One of the most important concepts in fire sprinkler design is the principle of design density, yet many fire sprinkler system design engineers do not fully understand the concept. This short instruction will hopefully full fill this requirement.
We often refer to Design Density in lazy preference to Design Density of Discharge which, in turn, is a short way of saying the Density of Application of Water. This is an unusual use of the word 'density' since we know, of course, that the density of water is 1. However, the density of application means how much water we apply over a certain area, much the same as pressure is a force applied over a unit area.
Therefore, we are talking about a volume of water spread over a certain area in a unit of time.
Volume can be measured in litres
The area can be measured in m2
Time can be measured in minutes
The density of water application would be measured thus:
Volume / Area x Time or Litre / m3 x min
It is necessary to bring this formula to a manageable state by changing the units. A Litre of water is defined as a cubic decimetre which is 10 centimetres × 10 centimetres × 10 centimetres (1 L ≡ 1 dm3 ≡ 1000 cm3). Hence 1 L ≡ 0.001 m3 ≡ 1000 cm3 and 1 m3 (i.e. a cubic metre, which is the S.I. unit for volume) is exactly 1000 L.
Therefore, we can rewrite the formula:
dm x dm x dm / 10dm x 10dm x min
This can be simplified by cancelling out
dm / 100min = 100mm / 100min = 1mm / 1min = mm/min
The density of application can, therefore, be measured in millimetres per minute (mm/min).
Whichever route you take, it is essential to realise that when we use this strange, apparently linear unit, we are talking about a volume of water discharged over an area of 1m2 in 1 min.
In the case of Ordinary Hazard Installations (EN 12845) with a Density of Discharge of 5.0 mm/min, bearing in mind that this really means 5 L/min2/min then we are applying less than half a bucket full of water on every square metre each minute.
The art, of course, is how you tell it or, in this case, how you apply it. The sprinkler head distributes the water in an even pattern so that in the case of OH3, each of the 12m2 covered by the head receives its share of water. When testing a sprinkler head, the floor is covered with 1m2 trays, and after a discharge for 1 minute, there should be water in each tray to a depth of 5mm. The volume of water in the tray would be 5mm x 1000 mm x 1000 mm = 5,000,000 mm3 since there are (100 x 100 x 100) i.e. 1,000,000mm3 in 1dm3, the volume of water will, of course, be 5dm3 or 5 litres.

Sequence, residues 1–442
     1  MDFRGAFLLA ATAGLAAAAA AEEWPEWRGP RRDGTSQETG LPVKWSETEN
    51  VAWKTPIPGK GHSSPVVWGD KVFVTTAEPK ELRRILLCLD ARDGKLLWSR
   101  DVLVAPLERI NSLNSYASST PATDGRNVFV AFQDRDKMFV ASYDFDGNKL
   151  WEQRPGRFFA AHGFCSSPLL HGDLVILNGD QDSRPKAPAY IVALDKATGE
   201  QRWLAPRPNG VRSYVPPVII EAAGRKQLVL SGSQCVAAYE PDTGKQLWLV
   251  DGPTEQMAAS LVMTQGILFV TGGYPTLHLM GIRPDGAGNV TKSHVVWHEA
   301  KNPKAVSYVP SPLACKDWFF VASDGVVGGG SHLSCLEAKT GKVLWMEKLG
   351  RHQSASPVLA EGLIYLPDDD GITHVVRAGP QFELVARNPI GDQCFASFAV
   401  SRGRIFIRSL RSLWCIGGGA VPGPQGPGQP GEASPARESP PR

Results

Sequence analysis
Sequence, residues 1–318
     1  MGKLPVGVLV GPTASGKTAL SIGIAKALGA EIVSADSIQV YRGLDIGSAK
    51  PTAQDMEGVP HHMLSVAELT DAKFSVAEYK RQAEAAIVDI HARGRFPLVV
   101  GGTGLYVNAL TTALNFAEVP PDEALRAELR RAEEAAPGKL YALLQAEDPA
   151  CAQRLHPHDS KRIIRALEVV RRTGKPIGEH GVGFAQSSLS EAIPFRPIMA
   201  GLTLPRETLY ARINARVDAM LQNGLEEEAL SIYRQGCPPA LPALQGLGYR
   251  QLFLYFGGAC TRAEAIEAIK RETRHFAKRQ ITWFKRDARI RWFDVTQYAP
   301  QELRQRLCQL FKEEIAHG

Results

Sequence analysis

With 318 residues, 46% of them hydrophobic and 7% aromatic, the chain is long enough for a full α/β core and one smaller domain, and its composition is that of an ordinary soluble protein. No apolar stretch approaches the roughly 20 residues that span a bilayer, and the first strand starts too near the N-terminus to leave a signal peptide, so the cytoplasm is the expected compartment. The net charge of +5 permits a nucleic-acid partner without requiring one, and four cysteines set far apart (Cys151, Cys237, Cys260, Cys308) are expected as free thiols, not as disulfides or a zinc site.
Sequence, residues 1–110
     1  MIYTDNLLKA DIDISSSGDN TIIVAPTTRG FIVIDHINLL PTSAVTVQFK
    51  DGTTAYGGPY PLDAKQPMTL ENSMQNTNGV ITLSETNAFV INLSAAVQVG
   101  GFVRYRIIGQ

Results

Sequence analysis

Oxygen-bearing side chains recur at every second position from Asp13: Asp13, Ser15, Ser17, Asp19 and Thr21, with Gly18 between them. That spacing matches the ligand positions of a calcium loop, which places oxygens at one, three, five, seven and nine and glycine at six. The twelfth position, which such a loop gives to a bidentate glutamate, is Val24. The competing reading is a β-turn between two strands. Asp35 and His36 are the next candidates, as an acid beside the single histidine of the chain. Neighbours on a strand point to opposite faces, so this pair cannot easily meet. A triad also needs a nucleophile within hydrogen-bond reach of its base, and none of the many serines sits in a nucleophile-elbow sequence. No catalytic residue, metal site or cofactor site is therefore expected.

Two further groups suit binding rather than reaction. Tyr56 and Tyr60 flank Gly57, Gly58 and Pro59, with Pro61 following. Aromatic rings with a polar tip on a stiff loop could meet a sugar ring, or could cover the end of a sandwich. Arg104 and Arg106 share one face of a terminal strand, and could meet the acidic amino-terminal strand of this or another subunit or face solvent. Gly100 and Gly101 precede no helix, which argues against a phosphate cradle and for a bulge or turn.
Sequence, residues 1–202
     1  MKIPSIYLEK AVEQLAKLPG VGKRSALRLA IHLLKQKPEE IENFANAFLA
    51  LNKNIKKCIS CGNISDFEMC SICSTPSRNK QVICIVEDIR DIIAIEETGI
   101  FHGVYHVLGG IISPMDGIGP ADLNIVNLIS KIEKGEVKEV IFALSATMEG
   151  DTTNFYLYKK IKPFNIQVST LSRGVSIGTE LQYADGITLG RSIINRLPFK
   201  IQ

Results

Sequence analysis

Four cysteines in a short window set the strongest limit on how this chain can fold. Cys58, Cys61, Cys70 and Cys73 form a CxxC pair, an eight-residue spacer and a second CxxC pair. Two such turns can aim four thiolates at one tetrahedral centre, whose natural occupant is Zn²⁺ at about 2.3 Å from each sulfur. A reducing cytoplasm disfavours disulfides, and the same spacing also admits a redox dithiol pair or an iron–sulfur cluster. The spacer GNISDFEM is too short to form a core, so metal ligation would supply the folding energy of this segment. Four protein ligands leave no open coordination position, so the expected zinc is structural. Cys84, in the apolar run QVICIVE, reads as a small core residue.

Taking OH3 as an example, if we design for a maximum of 18 sprinkler heads operating, each capable of covering 12m2, then the maximum area of operation will be (18 x 12)m2 = 216m2. If each of the 18 sprinkler heads discharges 5dm3/m2 every minute, we will require a flow of (5 x 18 x 12) dm3/min = 1080 dm3/min. In calculating pipe sizes, this is approximated to 1000dm3/min.
Now we know the theory of 'Design Density' we can use it in fire sprinkler hydraulic calculations to find the quantity of water required to flow from a fire sprinkler. If we know the area a sprinkler head is covering and the required design density, then we can use the following formula:
Area x Density = Quantity
Therefore if we have a fire sprinkler head which is covering 8m2 and we require 12.5 mm/min
8m2 x 12.5 mm/min = 100 Litres/min
This would be the minimum flow rate required for the sprinkler head to prove the correct Design Density. The specific design density to be used for design purposes is determined by reference to the occupancy fire hazard of the building once this is known the applicable design standard such as EN 12845, BS 9251 or NFPA 13 will have tables of occupancies from which you can find the required design density.
A practical design density example
Let’s take an example, if we are designing a fire sprinkler system and we know that we require a design density of 15.0 mm/min over the design area, then this is the starting point for our fire sprinkler hydraulic calculation.
We now need to take the first most remote fire sprinkler on the branch line (range pipe) and find the actual area the fire sprinkler is covering let’s assume it’s 7.5m2 for this example. We can now calculate the minimum flow rate from the fire sprinkler to provide the required design density, this can be found in the equation:
Q = D x A
Q = flow rate from the fire sprinkler
D = Design density
A = Area of coverage for the fire sprinkler
For our example:
15 mm/min x 7.5 m2 = 112.50 L/min
We now know that the most remote fire sprinkler must have a flow rate equal to or greater than 112.50 L/min. The next step in the calculation is to check that we can get this flow rate from the fire sprinkler and what pressure will be required.
We hope you have found this short introduction to water design density informative and will help you understand one of the fundamental concepts of sprinkler system design.
The litre is the SI derived unit for volume which is the volume of a cube with 10 cm sides and has the symbol L or l. A decimeter (dm3) is 1,000 cubic centimetres (cm3) or 1/1000 of a cubic metre.